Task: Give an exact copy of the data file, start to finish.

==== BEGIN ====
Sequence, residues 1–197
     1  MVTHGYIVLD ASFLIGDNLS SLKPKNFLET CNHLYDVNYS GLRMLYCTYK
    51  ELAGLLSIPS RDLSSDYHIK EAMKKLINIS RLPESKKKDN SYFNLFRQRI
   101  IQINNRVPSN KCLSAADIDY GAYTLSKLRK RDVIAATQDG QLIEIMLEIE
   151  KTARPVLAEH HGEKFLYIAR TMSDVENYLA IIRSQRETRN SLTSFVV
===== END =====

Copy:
Sequence, residues 1–197
     1  MVTHGYIVLD ASFLIGDNLS SLKPKNFLET CNHLYDVNYS GLRMLYCTYK
    51  ELAGLLSIPS RDLSSDYHIK EAMKKLINIS RLPESKKKDN SYFNLFRQRI
   101  IQINNRVPSN KCLSAADIDY GAYTLSKLRK RDVIAATQDG QLIEIMLEIE
   151  KTARPVLAEH HGEKFLYIAR TMSDVENYLA IIRSQRETRN SLTSFVV